By the way, Steve, yours is the only blog that even after I check the box does not notify me when a new comment is posted. Are there others with the same complaint?

  2. Thomas, I did not know that. I’ll look into it immediately. Thanks.

  3. Steve. I have that problem too. I thought I told you about it.

  4. This is a test of subscribe to comments

  5. Ok, here is the follow up comment that I want notification on.

  6. Isn’t Gary V actually the new Wilfred Wong?

  7. What an odd post. You seem to want to have your cake and eat it too. Though you mention the dominant feature of Web 2.0, interaction, you also seem to dismiss it by accentuating authority. Gary V’s video column may bill itself as a “vlog” but it really ain’t two way, even though the Vayniacs comment after shows. It’s just another wine review outlet that uses the new media. In some ways it’s a variation of an infomercial–selling vino instead of beachfront property [side note: the ‘father’ of the infomercial, Dave DelDatto, now runs a winery]. And of course there is bound to be at least one member of the younger generation coming along who appeals to that generation.

    The real bloggers serve as discussion facilitators. Alder Y and Tyler C while they do wine reviews are really very articulate discussion facilitators (as are you). Tom W’s observations pull in viewers because they deal with the issues that wine drinkers are interested in. You all make opening statements to get the dialogue going, an important service, but not one that people will pay for, like some do for WA, WS, WE, Connoisseurs Guide. None can expect to influence buying decisions like the old guard; rather they stoke the fires of what we might call wine policy. You all get the ball rolling, but are not really deferred to as “authorities”.

    And once again you make no mention of the real revolution spawned by the Internet: the rise of user critiques–the real New Authorities. I won’t go into my usual rant, but I will quote Eric LeVine, founder of CellarTracker who participated in a thread on the recent WSJ article over on Dr.Vino: “Nonetheless, when trying to figure out whether to drink something from my cellar, do I rely on a 15 year old [review] from Parker or the 50 notes from fellow wine lovers who have had the same wine in the past year? Pretty easy decision…”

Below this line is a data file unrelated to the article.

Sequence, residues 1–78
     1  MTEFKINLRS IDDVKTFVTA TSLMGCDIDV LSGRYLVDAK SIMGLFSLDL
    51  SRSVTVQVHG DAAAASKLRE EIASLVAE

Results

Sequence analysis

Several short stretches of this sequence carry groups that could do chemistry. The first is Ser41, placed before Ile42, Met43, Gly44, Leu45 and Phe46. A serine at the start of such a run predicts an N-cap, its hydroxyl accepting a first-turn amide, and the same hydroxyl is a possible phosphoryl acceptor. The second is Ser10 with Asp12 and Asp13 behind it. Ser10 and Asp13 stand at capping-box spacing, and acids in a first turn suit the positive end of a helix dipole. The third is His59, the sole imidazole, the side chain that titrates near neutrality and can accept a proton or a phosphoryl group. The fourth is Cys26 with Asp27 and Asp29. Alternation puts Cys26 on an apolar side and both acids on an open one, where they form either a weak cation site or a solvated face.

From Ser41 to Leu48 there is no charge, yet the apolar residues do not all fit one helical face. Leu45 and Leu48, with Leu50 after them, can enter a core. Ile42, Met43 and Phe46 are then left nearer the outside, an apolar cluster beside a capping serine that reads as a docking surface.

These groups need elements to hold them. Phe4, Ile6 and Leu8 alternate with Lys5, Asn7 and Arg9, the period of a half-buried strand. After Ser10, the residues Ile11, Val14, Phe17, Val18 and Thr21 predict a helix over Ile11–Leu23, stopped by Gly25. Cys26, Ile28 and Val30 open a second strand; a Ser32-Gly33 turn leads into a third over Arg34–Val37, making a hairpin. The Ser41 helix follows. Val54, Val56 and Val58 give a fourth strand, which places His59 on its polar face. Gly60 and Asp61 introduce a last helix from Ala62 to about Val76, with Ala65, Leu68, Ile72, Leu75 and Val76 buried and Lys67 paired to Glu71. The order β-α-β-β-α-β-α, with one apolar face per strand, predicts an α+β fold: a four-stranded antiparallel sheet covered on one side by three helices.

8. Brad: lol

  9. Jose, here’s your followup.

  10. Here you go.

  11. A recent report from Information Resources Inc. (which tracks sales in grocery stores, boxes, etc., less in stores that sell only liquor) showed that 74% of those buying beer, wine and spirits lean on recommendations from friends and family.

    The point of social media is not how much attention how many ever people “at the top” get but the ability to communicate quickly and easily with peers, who in turn are the key influencers.

    Don’t look at how social media is like old media but how it is different.

  12. Great article Steve. In my opinion the only aspect you missed was the power of recommendation and the ease and speed of communication. Today I can send a link to your article to 50 people I know are wine bug bitten. If you missed that evening when Uncle Walter said something profound, well… tune in the next time.

  13. You make an interesting point that the idea of top down communication hasn’t gone away, but I think the big difference is that anyone can enter that space and attempt to gain a spot in that list of most popular blogs. The thing about the internet is this – if your content is good, people recognize it and they will find it and consume it. In an old medium like TV, there is someone controlling it, you had to go through someone to get your stuff up there. Here, anyone can do anything they want, and people move toward it, so long as it’s good. So maybe you still only have a few names that have the power to sway the masses, but those in power can definitely be usurped by anyone who wants to do it better. That was never really the case before, or at least, it was much harder.

  14. A fatal flaw with this post is not addressing the platform from which each of the people you mention come from:

    – Dr. Vino – professor; time in his schedule (time enough to take on book projects, at least)
    – Gary Vaynerchuk; owns his own business
    – Alder Yarrow; owns his own business
    – Tom Wark; owns his own business
    – Eric Asimov; writes under credible masthead as a function of his job.

    The answer to your question about more people coming to the fore is a matter of resources — financial and time. It has nothing to do with the top of the pyramid. With a 1000 + wine blogs out there I would suggest the 80/20 rule is a good maxim, therefore there’s plenty of room.

    However, there is a finite amount of people who can commit time and resources based on not being in charge of the bulk of their time — i.e. they work full-time.

    I would guarantee that if you took the next 15 most popular bloggers and gave them a small amount of money to invest in their blog infrastructure and freedom from the need to contribute to household income you would see a radically different landscape in 1 years time.